Groundbreaking TAU study tracks precise path of deadly virus to the central nervous system
Rabies causes acute inflammation of the brain, producing psychosis and violent aggression. The virus, which paralyzes the body's internal organs, is always deadly for those unable to obtain vaccines in time. Some 55,000 people die from rabies every year.
For the first time, Tel Aviv University scientists have discovered the exact mechanism this killer virus uses to efficiently enter the central nervous system, where it erupts in a toxic explosion of symptoms. The study, published in PLOS Pathogens, was conducted by Dr. Eran Perlson and Shani Gluska of TAU's Sackler Faculty of Medicine and Sagol School of Neuroscience, in collaboration with the Friedrich Loeffler Institute in Germany.
"Rabies not only hijacks the nervous system’s machinery, it also manipulates that machinery to move faster," said Dr. Perlson. "We have shown that rabies enters a neuron in the peripheral nervous system by binding to a nerve growth factor receptor, responsible for the health of neurons, called p75. The difference is that its transport is very fast, even faster than that of its endogenous ligand, the small molecules that travel regularly along the neuron and keep the neuron healthy."
Faster than a speeding train
To track the rabies virus in the nervous system, the researchers grew mouse sensory neurons in an observation chamber and used live cell imaging to track the path taken by the virus particles. The researchers "saw" the virus hijack the "train" transporting cell components along a neuron and drove it straight into the spinal cord. Once in the spinal cord, the virus caught the first available train to the brain, where it wrought havoc before speeding through the rest of the body, shutting it down organ by organ.
Nerve cells, or neurons, outside the central nervous system are highly asymmetric. A long protrusion called an axon extends from the cell body to another nerve cell or organ along a specific transmission route. In addition to rapid transmission of electric impulses, axons also transport molecular materials over these distances.
"Axonal transport is a delicate and crucial process for neuronal survival, and when disrupted it can lead to neurodegenerative diseases," said Dr. Perlson. "Understanding how an organism such as rabies manipulates this machinery may help us in the future to either restore the process or even to manipulate it to our own therapeutic needs."
Hijacking the hijacker
"A tempting premise is to use this same machinery to introduce drugs or genes into the nervous system," Dr. Perlson added. By shedding light on how the virus hijacks the transport system in nerve cells to reach its target organ with maximal speed and efficiency, the researchers hope their findings will allow scientists to control the neuronal transport machinery to treat rabies and other neurodegenerative diseases.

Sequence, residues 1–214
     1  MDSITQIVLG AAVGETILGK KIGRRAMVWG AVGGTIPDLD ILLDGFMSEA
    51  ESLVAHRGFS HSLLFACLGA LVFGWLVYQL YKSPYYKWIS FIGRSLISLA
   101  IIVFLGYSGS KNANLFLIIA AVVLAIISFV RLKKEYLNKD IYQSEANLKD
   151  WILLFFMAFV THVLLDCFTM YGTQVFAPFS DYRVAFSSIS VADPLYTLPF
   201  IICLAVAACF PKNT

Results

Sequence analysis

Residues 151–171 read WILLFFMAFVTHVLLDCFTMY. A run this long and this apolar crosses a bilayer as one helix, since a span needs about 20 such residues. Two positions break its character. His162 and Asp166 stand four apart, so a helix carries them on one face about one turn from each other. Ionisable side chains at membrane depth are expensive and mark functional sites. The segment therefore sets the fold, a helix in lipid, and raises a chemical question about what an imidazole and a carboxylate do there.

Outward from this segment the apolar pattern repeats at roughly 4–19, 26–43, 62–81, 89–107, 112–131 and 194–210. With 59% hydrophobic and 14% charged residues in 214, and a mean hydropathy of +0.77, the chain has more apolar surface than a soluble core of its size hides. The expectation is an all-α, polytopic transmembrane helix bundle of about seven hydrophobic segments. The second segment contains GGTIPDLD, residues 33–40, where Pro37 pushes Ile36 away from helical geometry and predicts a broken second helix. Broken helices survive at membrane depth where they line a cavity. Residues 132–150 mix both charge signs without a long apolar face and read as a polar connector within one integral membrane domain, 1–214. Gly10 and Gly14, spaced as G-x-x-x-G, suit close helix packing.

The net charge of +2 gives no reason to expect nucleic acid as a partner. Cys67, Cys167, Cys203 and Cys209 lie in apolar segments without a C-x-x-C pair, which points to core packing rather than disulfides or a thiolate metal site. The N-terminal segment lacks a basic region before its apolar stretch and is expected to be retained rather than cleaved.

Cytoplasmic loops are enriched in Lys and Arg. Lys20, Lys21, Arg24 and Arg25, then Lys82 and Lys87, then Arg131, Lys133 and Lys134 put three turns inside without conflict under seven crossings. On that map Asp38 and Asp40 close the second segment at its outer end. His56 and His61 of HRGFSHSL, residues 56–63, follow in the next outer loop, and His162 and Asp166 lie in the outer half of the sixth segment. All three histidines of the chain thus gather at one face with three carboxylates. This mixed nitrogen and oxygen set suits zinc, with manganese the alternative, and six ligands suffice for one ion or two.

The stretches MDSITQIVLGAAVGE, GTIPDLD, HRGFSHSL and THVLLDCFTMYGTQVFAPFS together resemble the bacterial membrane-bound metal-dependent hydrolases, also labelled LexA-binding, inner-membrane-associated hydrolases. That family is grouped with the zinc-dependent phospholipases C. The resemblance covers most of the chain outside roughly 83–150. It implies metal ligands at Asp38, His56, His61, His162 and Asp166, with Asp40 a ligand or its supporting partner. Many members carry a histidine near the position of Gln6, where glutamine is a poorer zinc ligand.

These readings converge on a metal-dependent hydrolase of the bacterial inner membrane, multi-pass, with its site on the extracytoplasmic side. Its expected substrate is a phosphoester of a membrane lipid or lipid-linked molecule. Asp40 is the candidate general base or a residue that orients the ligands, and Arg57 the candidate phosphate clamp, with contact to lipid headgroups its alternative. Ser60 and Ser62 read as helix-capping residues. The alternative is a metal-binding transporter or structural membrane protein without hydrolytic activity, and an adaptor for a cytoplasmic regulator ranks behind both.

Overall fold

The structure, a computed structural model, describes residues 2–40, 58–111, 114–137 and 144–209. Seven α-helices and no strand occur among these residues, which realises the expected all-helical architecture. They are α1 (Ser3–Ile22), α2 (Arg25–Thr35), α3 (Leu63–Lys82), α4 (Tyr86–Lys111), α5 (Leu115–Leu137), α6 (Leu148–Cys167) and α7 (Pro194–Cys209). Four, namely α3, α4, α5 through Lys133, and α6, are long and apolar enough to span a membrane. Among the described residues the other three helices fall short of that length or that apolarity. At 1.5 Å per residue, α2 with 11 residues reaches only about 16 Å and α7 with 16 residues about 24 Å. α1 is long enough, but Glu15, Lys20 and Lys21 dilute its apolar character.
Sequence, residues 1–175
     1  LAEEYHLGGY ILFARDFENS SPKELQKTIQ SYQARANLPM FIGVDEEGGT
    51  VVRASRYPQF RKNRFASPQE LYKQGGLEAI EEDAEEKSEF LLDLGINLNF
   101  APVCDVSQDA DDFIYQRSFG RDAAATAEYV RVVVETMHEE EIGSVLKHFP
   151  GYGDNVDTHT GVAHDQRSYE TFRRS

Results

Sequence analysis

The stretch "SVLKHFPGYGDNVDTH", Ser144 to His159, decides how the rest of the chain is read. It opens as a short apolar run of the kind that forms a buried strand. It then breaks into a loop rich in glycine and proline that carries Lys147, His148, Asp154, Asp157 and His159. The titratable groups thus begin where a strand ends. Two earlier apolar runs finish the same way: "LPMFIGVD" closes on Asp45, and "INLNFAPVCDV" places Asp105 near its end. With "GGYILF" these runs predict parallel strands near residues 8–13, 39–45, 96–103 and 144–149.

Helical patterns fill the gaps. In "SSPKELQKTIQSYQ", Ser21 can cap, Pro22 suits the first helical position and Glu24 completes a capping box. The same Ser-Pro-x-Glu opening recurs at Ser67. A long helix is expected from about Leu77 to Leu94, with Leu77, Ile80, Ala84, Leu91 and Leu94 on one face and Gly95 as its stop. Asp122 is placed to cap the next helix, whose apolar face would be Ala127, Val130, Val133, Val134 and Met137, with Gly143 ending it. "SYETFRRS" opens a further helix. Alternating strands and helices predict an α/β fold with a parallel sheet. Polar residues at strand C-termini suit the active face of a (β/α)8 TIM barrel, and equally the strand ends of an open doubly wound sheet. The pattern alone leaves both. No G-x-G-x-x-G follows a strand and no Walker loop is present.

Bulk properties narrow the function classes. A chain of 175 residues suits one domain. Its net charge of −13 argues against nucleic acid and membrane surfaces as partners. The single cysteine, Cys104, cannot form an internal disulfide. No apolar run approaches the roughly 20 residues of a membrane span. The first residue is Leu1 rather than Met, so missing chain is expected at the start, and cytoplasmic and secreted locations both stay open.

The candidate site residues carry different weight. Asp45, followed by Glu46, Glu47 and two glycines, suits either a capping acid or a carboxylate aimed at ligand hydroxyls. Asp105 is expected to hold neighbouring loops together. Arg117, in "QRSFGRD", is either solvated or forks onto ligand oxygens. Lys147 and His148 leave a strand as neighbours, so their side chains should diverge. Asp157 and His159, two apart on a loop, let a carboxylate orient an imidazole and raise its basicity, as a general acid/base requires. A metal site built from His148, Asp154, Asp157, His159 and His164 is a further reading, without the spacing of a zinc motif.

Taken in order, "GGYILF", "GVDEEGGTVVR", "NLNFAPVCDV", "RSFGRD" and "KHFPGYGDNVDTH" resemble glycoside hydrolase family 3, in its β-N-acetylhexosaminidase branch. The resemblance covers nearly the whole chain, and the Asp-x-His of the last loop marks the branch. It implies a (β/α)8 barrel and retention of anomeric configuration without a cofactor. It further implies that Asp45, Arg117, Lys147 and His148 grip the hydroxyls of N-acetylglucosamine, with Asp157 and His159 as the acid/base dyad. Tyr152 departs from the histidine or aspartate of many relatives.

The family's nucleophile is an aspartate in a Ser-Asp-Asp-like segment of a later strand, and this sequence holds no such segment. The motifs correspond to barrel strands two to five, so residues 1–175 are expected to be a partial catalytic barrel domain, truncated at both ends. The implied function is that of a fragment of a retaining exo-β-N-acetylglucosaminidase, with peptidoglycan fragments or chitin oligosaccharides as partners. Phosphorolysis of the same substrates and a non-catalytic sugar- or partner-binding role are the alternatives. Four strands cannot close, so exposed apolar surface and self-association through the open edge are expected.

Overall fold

Disruptions of the neuron train system also contribute to neurodegenerative diseases, like Alzheimer’s disease, Parkinson’s disease, and amyotrophic lateral sclerosis (ALS). According to Dr. Perlson, "An improved understanding of how the neuron train works could lead to new treatments for these disorders as well."
George Hunka | Eurek Alert!
Further reports about: > BRAIN > central nervous system > diseases > growth factor receptor > inflammation of the brain > live cell imaging > machinery > nerve growth > nervous system > neurodegenerative > neurodegenerative diseases > neurons > peripheral nervous system > rabies > spinal > spinal cord
Nonstop Tranport of Cargo in Nanomachines
20.11.2018 | Max-Planck-Institut für molekulare Zellbiologie und Genetik
Researchers find social cultures in chimpanzees
20.11.2018 | Universität Leipzig
Max Planck researchers revel the nano-structure of molecular trains and the reason for smooth transport in cellular antennas.
Moving around, sensing the extracellular environment, and signaling to other cells are important for a cell to function properly. Responsible for those tasks...
Researchers at the University of New Hampshire have captured a difficult-to-view singular event involving "magnetic reconnection"--the process by which sparse particles and energy around Earth collide producing a quick but mighty explosion--in the Earth's magnetotail, the magnetic environment that trails behind the planet.
Magnetic reconnection has remained a bit of a mystery to scientists. They know it exists and have documented the effects that the energy explosions can...
Biochips have been developed at TU Wien (Vienna), on which tissue can be produced and examined. This allows supplying the tissue with different substances in a very controlled way.
Cultivating human cells in the Petri dish is not a big challenge today. Producing artificial tissue, however, permeated by fine blood vessels, is a much more...
Faster and secure data communication: This is the goal of a new joint project involving physicists from the University of Würzburg. The German Federal Ministry of Education and Research funds the project with 14.8 million euro.
In our digital world data security and secure communication are becoming more and more important. Quantum communication is a promising approach to achieve...
On Saturday, 10 November 2018, the research icebreaker Polarstern will leave its homeport of Bremerhaven, bound for Cape Town, South Africa.
19.11.2018 | Event News
09.11.2018 | Event News
06.11.2018 | Event News
20.11.2018 | Life Sciences
20.11.2018 | Life Sciences
20.11.2018 | Physics and Astronomy